Petition opposes Winnipeg land swap

A proposed land swap between the City of Winnipeg and a developer will destroy a natural park area, says a resident circulating a petition to halt the deal.

A proposed land swap between the City of Winnipeg and a developer will destroy a natural park area, says a resident circulating a petition to halt the deal.

As part of its plan to create a rapid-transit corridor, the city has worked out a tentative agreement with Gem Equities. The swap would see Gem Equities hand over about four hectares along the Fort Rouge railway yards in exchange for almost 25 hectares near Taylor and Waverley, where the company hopes to build about 3,500 townhouses.

City council will vote Wednesday on the land swap proposal.

Construction began last month on Phase 1 of a 3.6-kilometre high-speed bus lane that will run from The Forks to Jubilee Avenue. It is expected to cost $138 million and take three years to complete.

Cal Dueck, who lives near the area sought by Gem Equities, said the plan for townhouses would destroy a pristine area containing old trees, trails, grasses and marsh. He said the swap seems to be getting pushed through without proper consultation.

"This seems to be sort of a fly-by-the-seat-of-your-pants kind of decision, where this land is being given away without any thought of what could be on it," he said.

Dueck has started a petition in opposition to the proposed swap, gathering signatures in an effort to persuade councillors to vote against it.

Councillor broadsided by news of deal

Coun. John Orlikow said he was broadsided by news that hundreds of townhouses could be built in his ward. He first heard about the proposed deal with Gem Equities in the media.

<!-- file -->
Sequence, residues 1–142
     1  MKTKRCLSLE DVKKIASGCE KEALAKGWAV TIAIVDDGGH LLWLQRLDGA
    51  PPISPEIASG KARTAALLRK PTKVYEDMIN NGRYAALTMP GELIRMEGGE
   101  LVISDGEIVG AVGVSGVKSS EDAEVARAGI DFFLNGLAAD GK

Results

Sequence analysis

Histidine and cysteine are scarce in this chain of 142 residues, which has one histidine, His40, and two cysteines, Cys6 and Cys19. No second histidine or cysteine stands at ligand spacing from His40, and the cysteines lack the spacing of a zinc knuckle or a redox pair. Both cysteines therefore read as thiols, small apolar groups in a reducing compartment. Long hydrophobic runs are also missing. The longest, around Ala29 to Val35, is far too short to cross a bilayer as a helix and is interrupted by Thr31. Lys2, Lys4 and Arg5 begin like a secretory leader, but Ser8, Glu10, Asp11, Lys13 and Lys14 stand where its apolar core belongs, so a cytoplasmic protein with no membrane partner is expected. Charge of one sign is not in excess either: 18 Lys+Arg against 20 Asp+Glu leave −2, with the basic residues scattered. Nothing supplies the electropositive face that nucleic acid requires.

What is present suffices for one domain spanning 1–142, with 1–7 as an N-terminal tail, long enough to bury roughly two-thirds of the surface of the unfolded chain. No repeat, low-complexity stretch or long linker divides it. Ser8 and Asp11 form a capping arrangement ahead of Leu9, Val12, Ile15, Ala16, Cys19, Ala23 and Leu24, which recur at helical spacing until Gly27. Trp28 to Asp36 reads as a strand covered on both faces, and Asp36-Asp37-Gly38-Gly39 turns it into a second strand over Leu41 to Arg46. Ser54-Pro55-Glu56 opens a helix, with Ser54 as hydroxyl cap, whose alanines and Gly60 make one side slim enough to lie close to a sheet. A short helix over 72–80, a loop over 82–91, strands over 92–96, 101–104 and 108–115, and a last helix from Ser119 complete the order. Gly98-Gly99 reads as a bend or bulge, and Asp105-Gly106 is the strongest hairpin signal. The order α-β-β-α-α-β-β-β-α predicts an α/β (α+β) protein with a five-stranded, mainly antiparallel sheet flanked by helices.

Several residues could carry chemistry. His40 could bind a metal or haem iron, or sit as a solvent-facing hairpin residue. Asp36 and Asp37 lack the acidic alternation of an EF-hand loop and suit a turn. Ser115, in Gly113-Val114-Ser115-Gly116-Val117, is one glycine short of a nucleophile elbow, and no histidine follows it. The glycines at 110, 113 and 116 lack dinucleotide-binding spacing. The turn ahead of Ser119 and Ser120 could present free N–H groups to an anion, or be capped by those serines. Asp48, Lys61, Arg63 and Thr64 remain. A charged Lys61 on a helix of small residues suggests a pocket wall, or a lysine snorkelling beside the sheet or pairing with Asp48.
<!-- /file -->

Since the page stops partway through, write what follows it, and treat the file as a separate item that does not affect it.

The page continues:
Orlikow said he has no problem with the land swap but the notion of the townhouse development needs much more consideration. Part of the land has a willow forest and a nesting hawk and he would like to see part of it dedicated to parkland.

However, he is also aware it has been on the books for development for years.

"So the idea of just keeping it as green space is a laudable idea but when the developer gets it, we have to accept the fact that it will be developed," he said.

If done right, though, the development could be "the best proposal in the whole planet," Orlikow said, adding that using it all for towhouses is something he will not accept.

"I've talked to so may wonderful people from that area who are legitimately, and I totally agree with them, really upset. This is their back yard," he said. "And they're hearing about all of this from the paper, not from their elected representation — not from City Hall. It's awful."

Orlikow said he needs more clarification on what is being promised in the swap before deciding how to vote on Wednesday.

Mayor Sam Katz says the community should not jump to any conclusions. If Gem Equities gets the land, that doesn't mean its plans are automatically approved, he said.

"This is something that will take quite a while to ever be brought to fruition, if that's the way they decide to proceed. There is a process we go through for that," Katz said. "If and when that happens, we'll be able to hear from all parties."

The vote Wednesday is about a land swap, not about future uses of the site, he said.